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UNDERSTANDING AVAILABILITY AND UTILISATION

AVAILABILITY AND UTILISATION IN THE CRUSHER SHIFT REPORTS Availability is defined as the percentage of time that a system or equipment is available to perform its required function or intended purpose. The availability is directly related to maintenance. This simply means that maintenance personnel have to ensure that the equipment (CV21) or system (FE02 system) is continuously running without any breakdown or reactive maintenance occurring. Example: If the Crusher is running 24 hours non-stop with no breakdown, it is available for use and its performing its function. We can say the crusher is 100% available (this is the percentage of time) In the daily shift reports it is essential to show the availability and utilisation of the 3 systems we have here at crusher; the FE02 system, the FE03 system and the Reclaim system so we know who is responsible for the downtimes in terms of availability and utilisation. Availability can be calculated simply by using the raw time captured, that is: Availability = Uptime Uptime + Downtime = Total hours for each shift Downtime hours X 100% Total time for each shift

Some of the downtime directly related to availability here at IPC includes Belt trips due to tracking issue only if it is directly related to defective impact rollers, frames, carriage trolleys, counterweight and misalignment of frames (mechanical defects). Conveyor belt stoppage due to damaged or split belt, bearing defects, shaft breakage, worn pulley lagging or defective roller and roller frames ( mechanical defects) Metal Detector stoppage of CV21 this downtime can only be seen as availability downtime if the metal detector detects loose liners, wear bars, bolts, etc that is a component of one of the equipment here at crusher. Stoppage due to haul truck wear plate, tooth, or any loose components of the mobile equipment from the mine must not be counted as availability downtime. This is beyond our IPC maintenance crews control so it is regarded as utilisation downtime. From these examples above we can clearly see that any equipment downtime in the system due to mechanical defects such as worn components and parts especially the components of the Crusher equipment is directly related to Availability Downtime. Example: FE03 system Defect FE05 counterweight rope snap Hole out on FE03 insert Total downtime = 5 hours Total hours per shift = 12 hours Total uptime = 12 5 = 7 hours uptime Availability = Uptime = Total hours Downtime hours = 7 hours = 0.5833 x 100%=58.33% Page 1 Downtime 3 hours 2 hours

NOTES BY: LORRAINE BALEPAI, GAusIMM & AMImechE

UNDERSTANDING AVAILABILITY AND UTILISATION


Uptime + Downtime Total time 12 hours

We can say availability for the FE03 system is 58.33% Avail (%)
FE03 SYSTEM STATUS DOWN UP DURATION 58%

Util (%)
Equipment Down Time Descriptions & Comments

FE03 CV24 SC01 FE04 FE05 CV25

Down

13:00

15:00

2:00

Hole out on FE03 insert

Down

6:00

9:00

3:00 5 hours

Counter weight rope snapped off.

Total Down/Delay Time

This example can be used for the other systems, FE02 and Reclaim system as well. Utilisation is defined by the use of the equipment by operations to produce the tonnage required when the equipment or system is available for use for its intended function This means when the equipment is 100% available, running continuously, it should be maximised by allowing the Run Of Mine (ROM) to pass through without any delays. Example: If the crusher is available 100%, the conveyor belts should be carrying 5500t/hr to maximise utilisation. Therefore averaging 60-66000 tonnes per shift The crusher daily shift report should capture utilisation as well. Some of the downtime, and stand by time directly related to utilisation here at IPC includes Standby/Delay time- blasting, shift changes, and weather (fog) Stoppages - due to spillage build up or sticky ore in chutes, dump pocket, pulleys, and rollers causing downtime and trips due to under speed Metal Detector stoppage of CV21 this downtime can only be seen as utilisation downtime if the metal detector detects skarn ore, or a component of one of the mobile equipment at the mine. That is stoppage due to haul truck wear plate, tooth, or any loose components of the mobile equipment from the mine and not from the crusher equipment From these examples above we can now differentiate between downtime due to Availability and Utilisation. Utilisation= Total hours-Downtime Hours-Standby hours Total hours-Downtime Hours Example: FE02 system NOTES BY: LORRAINE BALEPAI, GAusIMM & AMImechE Page 2 X 100%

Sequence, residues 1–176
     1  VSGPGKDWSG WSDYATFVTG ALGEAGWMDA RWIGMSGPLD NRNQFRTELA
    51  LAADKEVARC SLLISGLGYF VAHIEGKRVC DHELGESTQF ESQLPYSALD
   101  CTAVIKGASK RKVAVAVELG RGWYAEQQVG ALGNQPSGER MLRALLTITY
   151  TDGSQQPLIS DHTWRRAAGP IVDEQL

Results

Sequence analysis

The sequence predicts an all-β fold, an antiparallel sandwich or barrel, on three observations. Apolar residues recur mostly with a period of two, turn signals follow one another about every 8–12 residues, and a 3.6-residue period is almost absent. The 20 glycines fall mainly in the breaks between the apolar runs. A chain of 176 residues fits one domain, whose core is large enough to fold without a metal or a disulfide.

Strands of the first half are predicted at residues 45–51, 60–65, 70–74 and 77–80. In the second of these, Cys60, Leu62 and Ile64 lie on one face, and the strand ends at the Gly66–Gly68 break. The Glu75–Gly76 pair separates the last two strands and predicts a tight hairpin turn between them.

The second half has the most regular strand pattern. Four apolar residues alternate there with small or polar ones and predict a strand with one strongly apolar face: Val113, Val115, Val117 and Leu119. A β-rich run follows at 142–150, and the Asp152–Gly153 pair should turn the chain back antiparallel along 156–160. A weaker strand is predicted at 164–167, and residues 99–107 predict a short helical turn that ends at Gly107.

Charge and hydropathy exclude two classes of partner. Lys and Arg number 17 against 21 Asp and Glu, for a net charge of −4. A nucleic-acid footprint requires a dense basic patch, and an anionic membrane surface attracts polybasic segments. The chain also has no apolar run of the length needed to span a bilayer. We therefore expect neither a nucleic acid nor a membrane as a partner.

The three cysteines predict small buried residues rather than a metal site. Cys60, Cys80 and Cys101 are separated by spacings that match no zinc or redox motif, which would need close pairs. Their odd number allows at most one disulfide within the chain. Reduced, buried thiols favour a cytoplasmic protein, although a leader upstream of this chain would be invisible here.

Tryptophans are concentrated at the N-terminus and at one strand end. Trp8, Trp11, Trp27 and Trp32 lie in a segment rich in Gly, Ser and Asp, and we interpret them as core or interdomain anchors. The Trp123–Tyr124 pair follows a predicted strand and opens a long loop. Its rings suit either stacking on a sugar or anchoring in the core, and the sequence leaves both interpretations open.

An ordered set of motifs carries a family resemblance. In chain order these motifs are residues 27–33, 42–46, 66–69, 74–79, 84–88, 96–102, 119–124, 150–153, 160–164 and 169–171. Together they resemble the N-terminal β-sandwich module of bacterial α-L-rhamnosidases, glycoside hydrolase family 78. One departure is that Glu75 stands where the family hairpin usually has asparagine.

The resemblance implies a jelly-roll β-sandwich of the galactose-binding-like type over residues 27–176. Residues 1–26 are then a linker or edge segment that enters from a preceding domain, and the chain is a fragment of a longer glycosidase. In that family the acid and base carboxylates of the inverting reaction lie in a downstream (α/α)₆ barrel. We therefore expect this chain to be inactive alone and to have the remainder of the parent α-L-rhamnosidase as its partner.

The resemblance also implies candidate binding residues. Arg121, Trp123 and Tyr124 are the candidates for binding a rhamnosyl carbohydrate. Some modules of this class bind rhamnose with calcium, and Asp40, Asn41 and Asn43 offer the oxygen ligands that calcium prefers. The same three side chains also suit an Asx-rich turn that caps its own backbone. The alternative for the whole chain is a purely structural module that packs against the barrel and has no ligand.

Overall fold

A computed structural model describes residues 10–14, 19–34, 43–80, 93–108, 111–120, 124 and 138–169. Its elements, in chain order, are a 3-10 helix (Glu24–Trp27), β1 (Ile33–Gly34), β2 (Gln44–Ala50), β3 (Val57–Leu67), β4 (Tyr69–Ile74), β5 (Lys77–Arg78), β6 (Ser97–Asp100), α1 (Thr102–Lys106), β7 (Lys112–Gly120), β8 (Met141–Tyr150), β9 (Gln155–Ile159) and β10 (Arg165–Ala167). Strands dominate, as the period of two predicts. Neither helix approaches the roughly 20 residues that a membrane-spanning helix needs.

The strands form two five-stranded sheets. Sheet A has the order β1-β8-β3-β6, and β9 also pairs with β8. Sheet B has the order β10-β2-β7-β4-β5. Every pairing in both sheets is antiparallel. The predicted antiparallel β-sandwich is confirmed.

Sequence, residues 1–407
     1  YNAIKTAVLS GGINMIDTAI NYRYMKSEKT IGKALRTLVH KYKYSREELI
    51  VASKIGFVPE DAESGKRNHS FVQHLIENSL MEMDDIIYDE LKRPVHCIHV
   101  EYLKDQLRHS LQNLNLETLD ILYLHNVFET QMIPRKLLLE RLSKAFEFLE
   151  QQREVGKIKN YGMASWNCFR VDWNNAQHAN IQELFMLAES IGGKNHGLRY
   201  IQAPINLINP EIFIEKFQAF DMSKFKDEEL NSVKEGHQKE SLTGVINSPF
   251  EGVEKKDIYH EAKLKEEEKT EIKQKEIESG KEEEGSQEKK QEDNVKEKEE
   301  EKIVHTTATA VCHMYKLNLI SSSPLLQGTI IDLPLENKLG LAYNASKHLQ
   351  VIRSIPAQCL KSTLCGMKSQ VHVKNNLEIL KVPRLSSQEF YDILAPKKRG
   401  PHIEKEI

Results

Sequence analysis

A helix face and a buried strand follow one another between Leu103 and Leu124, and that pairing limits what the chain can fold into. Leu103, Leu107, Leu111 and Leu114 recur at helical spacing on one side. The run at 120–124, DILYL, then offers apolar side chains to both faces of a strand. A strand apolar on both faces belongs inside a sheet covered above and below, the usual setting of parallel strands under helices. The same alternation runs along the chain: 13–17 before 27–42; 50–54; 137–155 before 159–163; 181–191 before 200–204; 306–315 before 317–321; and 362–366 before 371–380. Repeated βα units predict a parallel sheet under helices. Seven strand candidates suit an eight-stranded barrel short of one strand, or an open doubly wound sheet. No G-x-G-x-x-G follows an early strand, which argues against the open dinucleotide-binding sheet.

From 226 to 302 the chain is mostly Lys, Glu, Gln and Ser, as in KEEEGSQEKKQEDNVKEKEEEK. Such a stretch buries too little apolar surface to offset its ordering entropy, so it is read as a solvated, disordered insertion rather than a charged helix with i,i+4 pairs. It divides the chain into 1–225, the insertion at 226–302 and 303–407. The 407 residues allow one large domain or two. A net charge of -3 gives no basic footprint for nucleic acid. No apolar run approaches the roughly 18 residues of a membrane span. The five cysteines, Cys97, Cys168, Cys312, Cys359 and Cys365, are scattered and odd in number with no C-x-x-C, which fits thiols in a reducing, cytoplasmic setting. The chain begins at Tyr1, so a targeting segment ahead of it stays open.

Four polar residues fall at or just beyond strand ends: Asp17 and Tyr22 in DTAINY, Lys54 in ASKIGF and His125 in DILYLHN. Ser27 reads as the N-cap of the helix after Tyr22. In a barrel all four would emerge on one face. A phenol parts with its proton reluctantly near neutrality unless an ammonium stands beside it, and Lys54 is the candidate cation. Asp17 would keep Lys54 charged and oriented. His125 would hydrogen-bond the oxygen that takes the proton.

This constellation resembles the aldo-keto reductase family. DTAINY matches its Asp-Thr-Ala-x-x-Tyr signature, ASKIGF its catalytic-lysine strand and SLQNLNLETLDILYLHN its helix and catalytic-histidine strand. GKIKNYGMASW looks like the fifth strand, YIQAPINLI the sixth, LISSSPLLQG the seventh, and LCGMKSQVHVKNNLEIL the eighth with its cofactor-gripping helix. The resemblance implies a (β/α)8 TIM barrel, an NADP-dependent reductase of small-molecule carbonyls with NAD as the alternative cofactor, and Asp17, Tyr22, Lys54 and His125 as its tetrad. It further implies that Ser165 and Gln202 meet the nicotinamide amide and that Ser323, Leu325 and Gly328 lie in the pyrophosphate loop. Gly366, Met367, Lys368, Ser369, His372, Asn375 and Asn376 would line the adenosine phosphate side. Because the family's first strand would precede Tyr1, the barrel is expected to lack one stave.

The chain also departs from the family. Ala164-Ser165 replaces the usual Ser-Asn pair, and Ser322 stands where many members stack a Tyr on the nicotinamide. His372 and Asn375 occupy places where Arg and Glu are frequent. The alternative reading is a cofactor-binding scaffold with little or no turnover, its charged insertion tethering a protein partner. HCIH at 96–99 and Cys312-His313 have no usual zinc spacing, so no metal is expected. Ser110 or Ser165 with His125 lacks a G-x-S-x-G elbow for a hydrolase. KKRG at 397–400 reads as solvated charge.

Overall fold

UNDERSTANDING AVAILABILITY AND UTILISATION


Problem Blocked at CV22/23 chute by sticky ore Belt drift due to build up in chute on CV23 Heavy fog in pit ( stand by time) Downtime 30 mins 20 mins 2 hours

Total downtime = 50mins (convert mins to hours, 60 mins= I hour) Total standby time= 2 hours Total hours per shift = 12 hours Utilisation= Total hours-Downtime Hours-Standby hours Total hours-Downtime Hours X 100% = 12-(50/60)-2 X100%=82.09% 12-(50/60)

We can say utilisation for the FE02 system is 82.09% and availability is 100% Avail (%)
FE02 SYSTEM STATUS DOWN UP DURATION 100%

Util (%)
82.09 % Equipment Down Time Descriptions & Comments

FE02 CV19 GR02 CV21 CV22 CV23

Idle

13:00

15:00

2:00

Heavy fog in pit

Down/ Up

16:00 08:00

16:30 08:20

Total Down/Delay Time

0:30 0:20 2:15 hours

Blocked at CV22/23 chute by sticky ore Belt drift due to build up in chute on CV23

This example can be used for the other systems as well. These explanations will help your understanding of Availability and Utilisation and will also aid us in inputting improvement ideas in increasing the plant equipment efficiency and reduce the stoppages. For further clarifications do come and see me

NOTES BY: LORRAINE BALEPAI, GAusIMM & AMImechE

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